Sam Brassfield: [there is a knock on the door] The door's open.

Clay Mathews: Sam... , Getting to be a big man, Sam.

Sam Brassfield: I own some land.

Clay Mathews: ...with a fence around it.

Sam Brassfield: That's right.

Clay Mathews: There are getting to be too many fences for me, Sam. My business depends on open range.

Sam Brassfield: Well then maybe you ought to change your business, Clay.

Clay Mathews: No, Sam. I don't see it that way. 'Way I see it, as soon as this National Cattle Trail Bill passes, my business'll just be starting.

Sam Brassfield: I don't expect it to pass. I'm doing everything I can to stop it.

Clay Mathews: Well, kinda puts us on different sides of that fence I was talking about, don't it?

Sam Brassfield: You can say that.

Clay Mathews: Sam, I don't want to fight with you. I think a lot of you. You remember that first day you come to work for me down the brush country?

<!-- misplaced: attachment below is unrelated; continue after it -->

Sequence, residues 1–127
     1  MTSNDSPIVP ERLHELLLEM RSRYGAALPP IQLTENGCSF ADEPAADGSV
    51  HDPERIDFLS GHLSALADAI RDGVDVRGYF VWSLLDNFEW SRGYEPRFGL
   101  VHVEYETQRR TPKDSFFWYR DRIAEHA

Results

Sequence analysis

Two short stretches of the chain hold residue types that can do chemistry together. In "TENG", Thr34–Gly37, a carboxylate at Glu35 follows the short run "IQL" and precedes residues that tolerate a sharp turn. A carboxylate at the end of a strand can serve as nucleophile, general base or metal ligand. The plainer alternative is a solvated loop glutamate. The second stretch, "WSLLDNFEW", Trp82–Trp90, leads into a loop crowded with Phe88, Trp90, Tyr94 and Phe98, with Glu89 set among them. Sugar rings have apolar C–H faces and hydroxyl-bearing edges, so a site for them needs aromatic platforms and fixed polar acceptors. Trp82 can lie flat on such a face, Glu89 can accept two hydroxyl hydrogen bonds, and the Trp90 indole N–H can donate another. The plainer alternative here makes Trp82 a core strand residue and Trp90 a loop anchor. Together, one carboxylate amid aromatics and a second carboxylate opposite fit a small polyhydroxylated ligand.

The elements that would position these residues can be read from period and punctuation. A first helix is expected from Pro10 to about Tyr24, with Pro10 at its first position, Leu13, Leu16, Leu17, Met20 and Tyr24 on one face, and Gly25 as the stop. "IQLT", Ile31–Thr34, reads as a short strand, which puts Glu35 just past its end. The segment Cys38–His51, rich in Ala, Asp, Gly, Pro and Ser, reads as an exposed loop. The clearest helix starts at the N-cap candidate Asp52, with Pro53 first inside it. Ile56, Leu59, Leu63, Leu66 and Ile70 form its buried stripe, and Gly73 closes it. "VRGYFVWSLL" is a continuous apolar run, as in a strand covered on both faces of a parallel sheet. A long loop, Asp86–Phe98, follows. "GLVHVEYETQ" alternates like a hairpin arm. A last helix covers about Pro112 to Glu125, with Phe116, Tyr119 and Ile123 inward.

Sam Brassfield: I remember it.

Clay Mathews: Just back from the war... your land. gone... your folks dead. You were some green, boy but you learned fast.

Sam Brassfield: You trying to say something, Clay?

Clay Mathews: I figure you might still learn fast. I'm offering you a chance to put in with me, Sam.

Sam Brassfield: I figure you know the answer.

Clay Mathews: You're being a fool, boy.

Sam Brassfield: It's possible.

Clay Mathews: Sam, we're friends. I taught you a lot about the cow business. You think I'd go into this if I didn't know what I was doing? I got a million dollars in back of me.

Sam Brassfield: You have a lot of cattle in Texas, Clay. Wyoming is the last spot on Earth you have to sow 'em. You're a man between a rock and a hard place looking for a way out.

Clay Mathews: Alright, Sam. S'pose what you say is true, I'll still make a million dollars. Any reason why you shouldn't be a part of it?

Sam Brassfield: Yeah, plenty of reason, Clay but I doubt you'd understand it